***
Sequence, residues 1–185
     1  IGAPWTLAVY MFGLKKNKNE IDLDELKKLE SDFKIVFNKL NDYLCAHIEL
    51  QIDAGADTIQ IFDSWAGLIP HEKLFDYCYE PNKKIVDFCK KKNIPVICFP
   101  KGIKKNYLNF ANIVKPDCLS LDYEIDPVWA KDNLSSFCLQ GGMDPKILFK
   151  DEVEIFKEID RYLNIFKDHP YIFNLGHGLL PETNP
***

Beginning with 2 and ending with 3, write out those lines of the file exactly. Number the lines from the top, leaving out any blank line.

     1  IGAPWTLAVY MFGLKKNKNE IDLDELKKLE SDFKIVFNKL NDYLCAHIEL
    51  QIDAGADTIQ IFDSWAGLIP HEKLFDYCYE PNKKIVDFCK KKNIPVICFP